Fire and Stone

The Making of the University of North Carolina under Presidents Edward Kidder Graham and Harry Woodburn Chase

By Howard E. Covington Jr.

Fire and Stone

544 pp., 6 x 9, 45 halftones, notes, bibl., index

  • Hardcover ISBN: 978-1-4696-5182-8
    Published: January 2019

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Distributed for the University of North Carolina at Chapel Hill Library

Awards & distinctions

2019 North Caroliniana Book Award, The North Caroliniana Society

In June 1919 Harry Woodburn Chase was chosen to succeed Edward Kidder Graham as president of the University of North Carolina. The two were a study in contrasts. Graham was a southerner whose father had worn Confederate gray. Chase was a New Englander and suspected of being a Republican. Chase had advanced academic degrees, including an earned doctorate, while Graham’s title was honorific. Chase was quiet, almost shy, and he best expressed his thoughts in the written word. Graham was an accomplished writer but also a superb public speaker whose friends had a political career charted out for him until his death at 42 years of age, a victim of the 1918 influenza pandemic.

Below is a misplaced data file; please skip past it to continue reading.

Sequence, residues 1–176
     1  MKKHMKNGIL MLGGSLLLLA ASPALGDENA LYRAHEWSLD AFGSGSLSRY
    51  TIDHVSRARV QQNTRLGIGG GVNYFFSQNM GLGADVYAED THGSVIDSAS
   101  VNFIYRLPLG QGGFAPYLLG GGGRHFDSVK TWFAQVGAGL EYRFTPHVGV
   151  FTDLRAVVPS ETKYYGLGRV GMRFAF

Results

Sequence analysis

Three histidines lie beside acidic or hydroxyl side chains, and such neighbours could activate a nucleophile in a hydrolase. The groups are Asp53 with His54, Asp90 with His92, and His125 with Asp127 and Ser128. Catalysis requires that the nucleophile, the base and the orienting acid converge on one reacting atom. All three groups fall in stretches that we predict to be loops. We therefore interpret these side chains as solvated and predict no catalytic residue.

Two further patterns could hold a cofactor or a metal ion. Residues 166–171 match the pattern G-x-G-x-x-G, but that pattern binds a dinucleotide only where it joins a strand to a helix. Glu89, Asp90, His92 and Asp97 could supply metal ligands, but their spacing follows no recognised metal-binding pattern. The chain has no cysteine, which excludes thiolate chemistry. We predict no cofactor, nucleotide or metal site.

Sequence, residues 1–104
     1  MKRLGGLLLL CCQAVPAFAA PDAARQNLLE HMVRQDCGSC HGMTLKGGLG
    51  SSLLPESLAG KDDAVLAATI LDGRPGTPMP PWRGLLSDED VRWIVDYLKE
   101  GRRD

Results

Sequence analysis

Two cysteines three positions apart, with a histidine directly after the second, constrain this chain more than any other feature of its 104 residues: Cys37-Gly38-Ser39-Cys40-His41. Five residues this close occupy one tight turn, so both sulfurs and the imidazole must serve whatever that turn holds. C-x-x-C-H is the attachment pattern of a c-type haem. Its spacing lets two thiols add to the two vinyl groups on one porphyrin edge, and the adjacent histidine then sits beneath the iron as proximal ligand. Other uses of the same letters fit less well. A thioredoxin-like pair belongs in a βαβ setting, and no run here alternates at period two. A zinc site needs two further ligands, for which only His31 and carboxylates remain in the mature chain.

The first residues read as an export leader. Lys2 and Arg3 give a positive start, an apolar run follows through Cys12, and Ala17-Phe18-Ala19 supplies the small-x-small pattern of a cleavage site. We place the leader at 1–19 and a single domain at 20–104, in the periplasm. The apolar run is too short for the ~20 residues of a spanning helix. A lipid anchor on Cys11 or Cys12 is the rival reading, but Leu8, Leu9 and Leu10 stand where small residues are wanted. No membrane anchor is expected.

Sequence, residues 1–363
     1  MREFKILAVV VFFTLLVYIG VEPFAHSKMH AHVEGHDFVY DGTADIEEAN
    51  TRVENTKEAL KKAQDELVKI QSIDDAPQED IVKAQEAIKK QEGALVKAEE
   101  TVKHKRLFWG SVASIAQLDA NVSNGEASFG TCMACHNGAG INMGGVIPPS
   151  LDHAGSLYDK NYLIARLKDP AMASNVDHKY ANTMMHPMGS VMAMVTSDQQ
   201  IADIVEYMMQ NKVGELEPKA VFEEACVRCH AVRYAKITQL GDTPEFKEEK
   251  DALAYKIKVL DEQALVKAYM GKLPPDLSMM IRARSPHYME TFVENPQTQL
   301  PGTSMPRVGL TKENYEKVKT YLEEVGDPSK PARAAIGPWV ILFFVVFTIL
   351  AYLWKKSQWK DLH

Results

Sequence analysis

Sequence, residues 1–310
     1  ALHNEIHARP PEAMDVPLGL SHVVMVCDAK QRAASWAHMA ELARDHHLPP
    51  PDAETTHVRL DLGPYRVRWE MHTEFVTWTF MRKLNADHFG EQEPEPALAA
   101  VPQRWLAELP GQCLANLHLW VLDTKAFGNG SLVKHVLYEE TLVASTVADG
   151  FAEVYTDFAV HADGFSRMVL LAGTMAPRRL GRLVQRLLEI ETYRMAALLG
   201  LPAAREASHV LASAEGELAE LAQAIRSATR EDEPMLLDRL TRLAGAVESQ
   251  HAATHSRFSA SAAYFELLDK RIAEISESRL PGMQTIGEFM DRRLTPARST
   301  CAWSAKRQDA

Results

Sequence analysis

The university trustees chose Chase to succeed Graham after two more highly favored candidates were disqualified at the last minute. A young man--Chase was 36 at the time--he wasn’t expected to stay in Chapel Hill all that long. He remained for a little more than a decade and in that time he oversaw the transformation of the institution and introduced it to a national audience.

Chase built upon Graham’s ambitions for the university that its work extend beyond the campus to reach citizens all across the state. Graham first kindled this fire for a new mission among the undergraduates he met in his classroom in the decade before he became president in 1914. One of those acolytes was his younger cousin, Frank Porter Graham, who called him the greatest teacher he had ever known. Chase gathered his administration behind this spirit of service and moved the university into a new era.

If one man had not followed the other, the university would have been a different place. Taken together, the presidencies of Graham and Chase turned a relatively small institution founded in the liberal arts into an institution worthy of its name, the University of North Carolina.

About the Author

Howard E. Covington Jr. of Greensboro is the author or coauthor of more than fifteen works of North Carolina history and biography. Among his books are Terry Sanford: Politics, Progress and Outrageous Ambition; The North Carolina Century: Tar Heels Who Made A Difference, 1900-2000; Favored by Fortune: George W. Watts and the Hills of Durham; Once Upon A City: Greensboro, North Carolina’s Second Century; and Lady on the Hill: How Biltmore Estate Became An American Icon. In, 2004, Favored by Fortune received the North Carolina Literary and Historical Association’s Ragan Old North State Award for best non-fiction by a North Carolina writer. In 2010, The University of North Carolina at Chapel Hill Library published his The Good Government Man: Albert Coates and the Early Years of the Institute of Government as the first volume in its Coates University Leadership Series.